Malaysian leader: Plane's disappearance deliberate KUALA LUMPUR, Malaysia (AP) - The Malaysian jetliner missing for more than a week was deliberately diverted and continued flying for more than six hours after severing contact with the ground, meaning it could have gone as far northwest as Kazakhstan or into the Indian Ocean's southern reaches, Malaysia's leader said Saturday. Prime Minister Najib Razak's statement confirmed days of mounting speculation that the disappearance of Malaysia Airlines Flight 370 to Beijing was not accidental. It also refocused the investigation into the flight's 12-person crew and 227 passengers, and underlined the complicated task for searchers who already have been scouring vast areas of ocean.
Indian search finds no trace of Malaysian plane NEW DELHI (AP) - Indian navy ships supported by long-range surveillance planes and helicopters scoured Andaman Sea islands for a third day on Saturday without any success in finding evidence of the missing Malaysia Airlines jet, officials said. Nearly a dozen ships, patrol vessels, surveillance aircraft and helicopters have been deployed, but "we have got nothing so far," said V.S.R. Murthy, an Indian coast guard official.
Russian propaganda war in full swing over Ukraine MOSCOW (AP) - This is Ukraine today, at least as seen by most Russian news media: the government is run by anti-Semitic fascists, people killed in protests were shot by opposition snipers and the West is behind it all. And the room to disagree with that portrayal is getting smaller by the week.
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Officers' body cameras raise privacy concerns LOS ANGELES (AP) - Officers at thousands of law enforcement agencies are wearing tiny cameras to record their interactions with the public, but in many cases the devices are being rolled out faster than departments are able to create policies to govern their use. And some rank-and-file officers are worried the technology might ultimately be used to derail their careers if, for example, an errant comment about a superior is captured on tape.
Questions that arise when placing cameras on cops LOS ANGELES (AP) - New tiny cameras are starting to be worn by police officers across the U.S. - roughly 3,000 of 18,000 law enforcement agencies are using or trying out these cameras and the numbers are expected to grow exponentially as technology has become more affordable and reliable. But with its myriad uses, departments are wrangling over several major policy considerations and their implications on privacy and officer liability.
Workers sift through rubble for clues to NYC blast NEW YORK (AP) - Emergency workers sifted through debris Saturday from the site of a deadly explosion at two New York City apartment buildings as they worked to reach the basement levels, clearing the way for investigators to search for clues that might reveal what caused the blast. An uplifting moment from the painstaking recovery effort came as crews pulled a large water-damaged Bible from the rubble of the Spanish Christian Church, which was located in one of the two destroyed buildings. About two dozen people, including clergy members, carried the Bible in a solemn procession near the East Harlem site.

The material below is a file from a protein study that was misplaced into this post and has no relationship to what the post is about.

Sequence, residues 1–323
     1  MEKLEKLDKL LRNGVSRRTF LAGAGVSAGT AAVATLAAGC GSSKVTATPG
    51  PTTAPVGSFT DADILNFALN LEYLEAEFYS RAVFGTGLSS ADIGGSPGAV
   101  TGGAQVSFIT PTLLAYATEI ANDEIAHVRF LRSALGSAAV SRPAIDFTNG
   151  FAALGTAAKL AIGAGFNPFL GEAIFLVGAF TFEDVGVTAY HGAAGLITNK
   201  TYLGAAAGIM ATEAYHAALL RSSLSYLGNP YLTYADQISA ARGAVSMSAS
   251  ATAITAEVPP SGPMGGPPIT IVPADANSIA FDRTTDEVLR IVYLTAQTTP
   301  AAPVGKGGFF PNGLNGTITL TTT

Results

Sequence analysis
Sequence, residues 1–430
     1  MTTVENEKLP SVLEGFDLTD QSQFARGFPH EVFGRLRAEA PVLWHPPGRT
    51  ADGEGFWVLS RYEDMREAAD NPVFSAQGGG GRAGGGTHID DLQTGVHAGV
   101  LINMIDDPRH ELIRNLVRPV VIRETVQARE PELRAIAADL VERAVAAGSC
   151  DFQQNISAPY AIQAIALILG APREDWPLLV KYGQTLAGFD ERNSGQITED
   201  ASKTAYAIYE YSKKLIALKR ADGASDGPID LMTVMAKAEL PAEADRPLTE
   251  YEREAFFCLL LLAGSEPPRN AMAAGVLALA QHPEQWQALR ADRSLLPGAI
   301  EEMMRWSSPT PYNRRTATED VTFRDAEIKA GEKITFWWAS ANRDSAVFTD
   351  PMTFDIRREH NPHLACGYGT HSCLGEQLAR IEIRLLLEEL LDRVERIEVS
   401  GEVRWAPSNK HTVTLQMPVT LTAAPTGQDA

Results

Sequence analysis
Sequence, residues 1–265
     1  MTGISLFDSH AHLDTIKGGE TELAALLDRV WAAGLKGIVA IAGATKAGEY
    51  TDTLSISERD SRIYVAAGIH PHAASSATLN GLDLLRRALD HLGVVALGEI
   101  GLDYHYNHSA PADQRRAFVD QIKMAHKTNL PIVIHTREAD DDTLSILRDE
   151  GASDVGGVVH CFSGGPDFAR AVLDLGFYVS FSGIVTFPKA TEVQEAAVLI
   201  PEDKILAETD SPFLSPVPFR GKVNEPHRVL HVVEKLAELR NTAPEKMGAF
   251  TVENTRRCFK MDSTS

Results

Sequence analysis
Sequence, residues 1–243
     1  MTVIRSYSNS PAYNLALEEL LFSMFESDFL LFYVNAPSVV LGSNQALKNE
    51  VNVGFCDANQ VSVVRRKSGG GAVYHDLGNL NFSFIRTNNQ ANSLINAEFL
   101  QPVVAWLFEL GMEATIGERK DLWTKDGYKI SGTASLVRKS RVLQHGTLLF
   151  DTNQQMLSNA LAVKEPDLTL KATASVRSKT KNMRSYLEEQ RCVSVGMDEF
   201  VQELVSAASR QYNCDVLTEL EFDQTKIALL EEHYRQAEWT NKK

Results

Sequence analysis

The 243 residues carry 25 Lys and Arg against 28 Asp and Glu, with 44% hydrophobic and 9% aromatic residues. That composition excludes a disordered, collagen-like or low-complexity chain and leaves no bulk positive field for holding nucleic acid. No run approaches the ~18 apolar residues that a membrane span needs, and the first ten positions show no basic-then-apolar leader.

Ukraine says Russian forces move outside Crimea SIMFEROPOL, Ukraine (AP) - Russian forces backed by helicopter gunships and armored vehicles Saturday took control of a village near the border with Crimea on the eve of a referendum on whether the region should seek annexation by Moscow, Ukrainian officials said. The action in Strilkove appeared to be the first move outside Crimea, where Russian forces have been in effective control since late last month. There were no reports of gunfire or injuries. The incident raises tensions already at a high level before Sunday's referendum.
Crimea Secession Vote: How, Why and What Next? SIMFEROPOL, Ukraine (AP) - The Ukrainian region of Crimea votes Sunday in a hastily organized referendum to break away and join Russia, in defiance of broad condemnation from the international community, which has described the process as illegitimate. Moscow-backed politicians in Crimea, a territory of 2 million people, say the move will ensure the local population protection from radical nationalism that they say surged after President Viktor Yanukovych was forced to flee Ukraine. No immediate proof of specific threats has been produced, however, and the leadership in Kiev describes what is happening in Crimea as a crude land grab.
Paul Stanley: Kiss miffed at Rock Hall over snub NEW YORK (AP) - Paul Stanley of Kiss wants to shout it out loud: The band is miffed at the Rock and Roll Hall of Fame for not inducting members Eric Singer and Tommy Thayer along with the original lineup. Kiss is scheduled to be inducted into the Rock Hall on April 10 in New York City. But Stanley said in an interview Friday with The Associated Press that he doesn't think the Rock Hall is being fair and that the organization has altered their rules for other acts.
Tensions rise over access to local government It was a chilling crime and, even with a quick arrest, disturbing questions lingered. Derrick Thompson called 911 in the coastal Maine city of Biddeford to report that he was being threatened. Police checked out the complaint, decided it was a civil matter and left the scene. Three minutes later, the teenager and his girlfriend were shot dead.